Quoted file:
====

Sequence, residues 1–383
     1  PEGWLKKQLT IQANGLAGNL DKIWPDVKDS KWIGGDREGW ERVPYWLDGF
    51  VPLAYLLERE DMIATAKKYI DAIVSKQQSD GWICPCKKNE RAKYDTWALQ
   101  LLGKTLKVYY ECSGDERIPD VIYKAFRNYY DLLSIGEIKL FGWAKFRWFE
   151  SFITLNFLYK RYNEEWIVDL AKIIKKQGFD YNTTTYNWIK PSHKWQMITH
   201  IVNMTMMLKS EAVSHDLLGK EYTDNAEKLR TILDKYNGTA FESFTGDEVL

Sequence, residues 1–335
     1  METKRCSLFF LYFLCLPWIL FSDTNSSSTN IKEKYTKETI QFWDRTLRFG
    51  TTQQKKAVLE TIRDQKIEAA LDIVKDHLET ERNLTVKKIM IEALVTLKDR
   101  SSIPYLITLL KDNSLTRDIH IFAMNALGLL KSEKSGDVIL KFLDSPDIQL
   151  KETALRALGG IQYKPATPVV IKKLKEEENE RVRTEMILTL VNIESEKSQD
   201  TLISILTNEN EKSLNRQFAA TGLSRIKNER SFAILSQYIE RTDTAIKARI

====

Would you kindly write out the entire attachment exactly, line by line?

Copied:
Sequence, residues 1–383
     1  PEGWLKKQLT IQANGLAGNL DKIWPDVKDS KWIGGDREGW ERVPYWLDGF
    51  VPLAYLLERE DMIATAKKYI DAIVSKQQSD GWICPCKKNE RAKYDTWALQ
   101  LLGKTLKVYY ECSGDERIPD VIYKAFRNYY DLLSIGEIKL FGWAKFRWFE
   151  SFITLNFLYK RYNEEWIVDL AKIIKKQGFD YNTTTYNWIK PSHKWQMITH
   201  IVNMTMMLKS EAVSHDLLGK EYTDNAEKLR TILDKYNGTA FESFTGDEVL

Sequence, residues 1–335
     1  METKRCSLFF LYFLCLPWIL FSDTNSSSTN IKEKYTKETI QFWDRTLRFG
    51  TTQQKKAVLE TIRDQKIEAA LDIVKDHLET ERNLTVKKIM IEALVTLKDR
   101  SSIPYLITLL KDNSLTRDIH IFAMNALGLL KSEKSGDVIL KFLDSPDIQL
   151  KETALRALGG IQYKPATPVV IKKLKEEENE RVRTEMILTL VNIESEKSQD
   201  TLISILTNEN EKSLNRQFAA TGLSRIKNER SFAILSQYIE RTDTAIKARI